Dryer vents should be made out of smooth metal (the duct inside the wall) and it should have a minimum number of turns. Check out our guide on how to fix dryer vents here.
The dryer vent should be as short as possible from the interior to the exterior to properly remove all of the moisture.
Get your dryer vent professionally cleaned every 1-2 years.
The Effects of a Humid A/C
Our bodies natural way of cooling down is to sweat.
The sweat evaporates and removes heat allowing our body to stay cool.
When we’re subjected to high humid air during the summer our bodies struggle to regulate temperature effectively and we feel uncomfortable because our sweat cannot evaporate quickly.
The same is true with indoor temperature. If the humidity is high inside when we’re running the AC, it will feel uncomfortable.
And if being uncomfortable isn’t enough, you also risk mold and mildew growth from the excess moisture. This can negatively affect your health and damage your home.
Having a properly sized AC is the biggest help in reducing damp air effectively.
Oversized and undersized air conditioners just can’t cut it when it comes to removing moisture properly. It’s also extremely beneficial to take care of your equipment.
Regular maintenance and filter changes will help keep you comfortable and extend the life of your equipment.
Sealing up your house and adding insulation will prevent excess heat and humidity from entering your home causing your system to work harder than it needs to.
It’s also very helpful to install and use bath fans and range hoods. The idea is to reduce the load on your AC.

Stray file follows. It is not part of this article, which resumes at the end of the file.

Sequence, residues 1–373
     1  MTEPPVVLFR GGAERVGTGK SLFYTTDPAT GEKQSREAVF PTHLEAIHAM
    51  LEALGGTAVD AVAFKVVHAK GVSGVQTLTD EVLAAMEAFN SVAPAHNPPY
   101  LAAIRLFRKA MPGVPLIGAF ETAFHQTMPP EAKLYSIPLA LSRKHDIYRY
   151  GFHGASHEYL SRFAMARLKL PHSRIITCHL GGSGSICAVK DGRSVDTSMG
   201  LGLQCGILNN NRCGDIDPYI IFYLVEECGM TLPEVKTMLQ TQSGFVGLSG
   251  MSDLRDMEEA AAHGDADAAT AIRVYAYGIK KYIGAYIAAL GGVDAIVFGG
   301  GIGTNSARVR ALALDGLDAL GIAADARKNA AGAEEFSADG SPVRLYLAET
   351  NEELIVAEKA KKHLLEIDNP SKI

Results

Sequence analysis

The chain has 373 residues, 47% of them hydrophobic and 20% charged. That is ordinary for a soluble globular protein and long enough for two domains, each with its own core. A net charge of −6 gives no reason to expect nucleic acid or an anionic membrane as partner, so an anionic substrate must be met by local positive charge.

Every little bit helps, so you can even install a dehumidifier to help your system when the humidity is extreme.
Frequently Asked Questions
Why is the humidity not dropping?
Your AC may not be bringing the humidity down because it has poor airflow from clogged air filters or a dirty evaporator coil.
With that, the coil may even be iced up and cannot effectively remove moisture from the air.
Is there a setting to make the humidity to go down?
A properly sized air conditioner will remove humidity naturally. All you have to do is set the temperature to a comfortable setting. The Department of Energy recommends 78 degrees.
Should I turn on the air conditioner if there is high humidity?
Yes, turning on the AC when the humidity is high is recommended. High humidity levels are uncomfortable and encourage mold and mildew growth.
Should I drop the thermostat temperature to reduce moisture?
Lowering the temperature in your home can lower the humidity as well because it allows the air conditioner to run a longer cycle. Longer run cycles remove moisture from the air more effectively.
Is 70% humidity considered high?
Yes, 70% relative humidity in a house is high. Recommended humidity range is 30-60%.
What is the recommended temperature for optimal humidity?
While the recommended temperature to run your AC in the summer is 78 degrees, most people set their temperature around 74.
Keep in mind the best way to remove humidity is to allow your system to run longer cycles, so your temperature may be different depending on your home and what is comfortable to you.
How does the A/C work in lowering relative humidity?
In a nutshell, your air conditioner absorbs heat from the home and rejects it outside. The evaporator coil (indoor coil) is very cold and the blower from your furnace moves warm air through it to exchange heat. In the process, moisture in the air condenses on the coil and collects in a pan underneath to be drained away with a condensate line.
Think of how an ice cold glass of lemonade sweats on a hot summer day. This is the same idea, just on a larger scale.